Tensions heat up over glyphosate debate as French mayors limit herbicide use
Glyphosate is perhaps the most controversial herbicide on the market. First authorised for use in the EU in 1974 by US agribusiness giant Monsanto, glyphosate – or Roundup as it was branded – is today one of the most commonly used weed killers across the bloc.
Whether the use of glyphosate poses a health risk to humans is much debated. In 2015, the World Health Organization (WHO)’s cancer agency, the International Agency for Research on Cancer (IARC), issued a report concluding that glyphosate is ‘probably carcinogenic to humans’.
Just months later, the chemical product was controversially re-authorised for a five-year period. At the time, in late 2017, 18 Member States voted in favour of the license. This represented a majority of 65.71% of the EU population – just over the 65% threshold required to renew its licence.
Subsequent studies by the European Food Safety Authority (EFSA) and the European Chemical Agency (ECHA) have concluded that there is not enough evidence to support the link between glyphosate and cancer risk.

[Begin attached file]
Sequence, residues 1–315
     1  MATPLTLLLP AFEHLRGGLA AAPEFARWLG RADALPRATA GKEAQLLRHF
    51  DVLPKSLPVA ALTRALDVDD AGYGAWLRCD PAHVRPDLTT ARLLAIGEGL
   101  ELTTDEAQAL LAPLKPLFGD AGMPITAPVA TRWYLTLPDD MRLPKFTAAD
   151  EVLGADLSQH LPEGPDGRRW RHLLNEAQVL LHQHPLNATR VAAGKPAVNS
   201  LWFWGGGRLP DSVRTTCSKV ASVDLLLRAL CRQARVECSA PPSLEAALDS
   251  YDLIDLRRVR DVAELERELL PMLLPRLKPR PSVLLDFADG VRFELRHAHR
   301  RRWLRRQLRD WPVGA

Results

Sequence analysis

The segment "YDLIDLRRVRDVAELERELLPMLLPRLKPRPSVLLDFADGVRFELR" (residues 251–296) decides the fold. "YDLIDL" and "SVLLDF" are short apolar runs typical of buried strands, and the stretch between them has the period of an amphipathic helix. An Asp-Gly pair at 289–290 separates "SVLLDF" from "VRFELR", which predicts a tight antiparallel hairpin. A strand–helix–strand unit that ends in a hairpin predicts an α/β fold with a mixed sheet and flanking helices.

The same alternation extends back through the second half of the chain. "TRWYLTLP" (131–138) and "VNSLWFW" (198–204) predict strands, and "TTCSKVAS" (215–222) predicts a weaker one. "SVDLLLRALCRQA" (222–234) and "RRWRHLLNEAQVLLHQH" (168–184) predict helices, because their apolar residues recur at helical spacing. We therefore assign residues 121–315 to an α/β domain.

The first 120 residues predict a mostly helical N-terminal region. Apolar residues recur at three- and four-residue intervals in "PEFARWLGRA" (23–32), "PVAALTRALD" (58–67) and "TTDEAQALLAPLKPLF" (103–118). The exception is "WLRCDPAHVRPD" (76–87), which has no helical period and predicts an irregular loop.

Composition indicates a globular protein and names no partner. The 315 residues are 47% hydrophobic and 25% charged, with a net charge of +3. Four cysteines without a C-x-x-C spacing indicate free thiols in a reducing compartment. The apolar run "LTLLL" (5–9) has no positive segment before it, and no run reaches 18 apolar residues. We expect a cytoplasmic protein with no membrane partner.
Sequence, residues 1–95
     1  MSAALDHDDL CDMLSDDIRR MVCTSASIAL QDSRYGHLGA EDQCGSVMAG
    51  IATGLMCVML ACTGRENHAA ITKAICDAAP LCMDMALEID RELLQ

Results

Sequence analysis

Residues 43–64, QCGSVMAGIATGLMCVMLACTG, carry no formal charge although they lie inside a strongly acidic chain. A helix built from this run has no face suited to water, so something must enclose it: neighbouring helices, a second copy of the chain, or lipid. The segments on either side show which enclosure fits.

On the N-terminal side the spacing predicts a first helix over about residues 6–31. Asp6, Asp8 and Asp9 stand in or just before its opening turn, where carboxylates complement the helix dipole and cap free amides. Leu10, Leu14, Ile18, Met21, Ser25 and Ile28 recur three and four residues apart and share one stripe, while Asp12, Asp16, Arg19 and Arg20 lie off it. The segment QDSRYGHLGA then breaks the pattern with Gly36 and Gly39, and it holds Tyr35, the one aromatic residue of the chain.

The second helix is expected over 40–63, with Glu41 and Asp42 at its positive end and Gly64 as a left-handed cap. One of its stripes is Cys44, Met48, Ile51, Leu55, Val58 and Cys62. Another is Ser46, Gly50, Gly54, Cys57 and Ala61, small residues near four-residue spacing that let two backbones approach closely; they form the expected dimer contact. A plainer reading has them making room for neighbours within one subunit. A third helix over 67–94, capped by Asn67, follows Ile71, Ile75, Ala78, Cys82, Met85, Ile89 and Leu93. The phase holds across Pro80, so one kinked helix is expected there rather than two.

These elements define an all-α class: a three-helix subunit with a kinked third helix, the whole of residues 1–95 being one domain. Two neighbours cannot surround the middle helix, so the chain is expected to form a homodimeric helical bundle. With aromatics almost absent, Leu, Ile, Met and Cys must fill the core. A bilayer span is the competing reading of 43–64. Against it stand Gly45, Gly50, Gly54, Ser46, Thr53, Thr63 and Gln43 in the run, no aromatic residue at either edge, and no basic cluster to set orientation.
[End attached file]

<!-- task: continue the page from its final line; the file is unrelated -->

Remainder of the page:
France was one of nine EU countries to vote against glyphosate’s re-authorisation in 2017. Two years on, this sentiment has not abated.
Some steps towards eliminating the weed-killer in France have been made. In January 2019, French authorities banned the sale, distribution and use of a form of glyphosate – Roundup 360 – across the country.
And four months later, French agriculture minister Didier Guillaume announced plans to eliminate the use of glyphosate by 2021, with limited exceptions.
However, those seeking speedier action are now attempting to take matters into their own hands. Dissatisfied with the absence of a nation- or EU-wide ban on all forms of glyphosate, certain towns are limiting its use at municipal level.
In May 2019, the mayor of Langouët in Brittany, Daniel Cueff, banned the use of phytopharmaceutical products in areas less than 150 metres from its residents’ houses.
A number of other municipals followed suit, including Gennevilliers and Sceaux on the outskirts of Paris; Perray-en-Yvelines, southwest of the capital; the capital of Burgundy, Dijon, and its neighbouring town Chenôve.
However, Cueff’s glyphosate ban has since been suspended. According to the administrative court of Rennes, which was responsible for rejecting the mayor’s decree, a town hall does not have the power to take such decisions. The court ruled that bans on phytopharmaceutical products are the responsibility of the state.
In an interview with Konbini News, French president Emannuel Macron said he supports Cueff’s intentions, yet ultimately, laws must be respected.